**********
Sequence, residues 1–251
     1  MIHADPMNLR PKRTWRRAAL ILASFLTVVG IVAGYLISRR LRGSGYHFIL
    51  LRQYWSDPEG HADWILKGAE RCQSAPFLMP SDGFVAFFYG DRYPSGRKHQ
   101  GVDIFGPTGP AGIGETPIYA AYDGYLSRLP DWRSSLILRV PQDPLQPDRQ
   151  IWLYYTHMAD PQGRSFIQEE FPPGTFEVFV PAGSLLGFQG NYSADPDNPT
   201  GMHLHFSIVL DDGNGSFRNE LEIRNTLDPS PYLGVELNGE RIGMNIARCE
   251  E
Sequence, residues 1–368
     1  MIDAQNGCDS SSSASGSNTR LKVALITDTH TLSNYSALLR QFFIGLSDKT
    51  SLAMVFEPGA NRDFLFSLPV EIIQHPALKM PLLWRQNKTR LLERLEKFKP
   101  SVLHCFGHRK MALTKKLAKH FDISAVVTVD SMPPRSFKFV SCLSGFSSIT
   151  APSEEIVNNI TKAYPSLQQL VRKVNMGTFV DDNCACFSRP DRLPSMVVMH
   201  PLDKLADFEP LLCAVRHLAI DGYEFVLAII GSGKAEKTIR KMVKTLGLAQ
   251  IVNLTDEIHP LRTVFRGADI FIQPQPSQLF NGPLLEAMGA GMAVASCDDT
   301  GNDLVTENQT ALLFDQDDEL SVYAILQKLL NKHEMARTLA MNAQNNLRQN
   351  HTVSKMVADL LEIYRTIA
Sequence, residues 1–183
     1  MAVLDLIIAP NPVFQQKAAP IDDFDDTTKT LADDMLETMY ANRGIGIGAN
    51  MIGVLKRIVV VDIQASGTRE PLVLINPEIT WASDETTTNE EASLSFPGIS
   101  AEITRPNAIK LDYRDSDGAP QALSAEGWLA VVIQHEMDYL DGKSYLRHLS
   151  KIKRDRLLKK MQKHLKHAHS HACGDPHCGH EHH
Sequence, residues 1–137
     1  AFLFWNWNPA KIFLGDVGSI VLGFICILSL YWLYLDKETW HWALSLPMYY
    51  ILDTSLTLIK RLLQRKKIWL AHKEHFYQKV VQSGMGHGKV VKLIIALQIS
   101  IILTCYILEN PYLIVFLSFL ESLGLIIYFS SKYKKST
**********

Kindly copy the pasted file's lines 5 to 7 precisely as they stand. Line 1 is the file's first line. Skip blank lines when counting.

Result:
   151  IWLYYTHMAD PQGRSFIQEE FPPGTFEVFV PAGSLLGFQG NYSADPDNPT
   201  GMHLHFSIVL DDGNGSFRNE LEIRNTLDPS PYLGVELNGE RIGMNIARCE
   251  E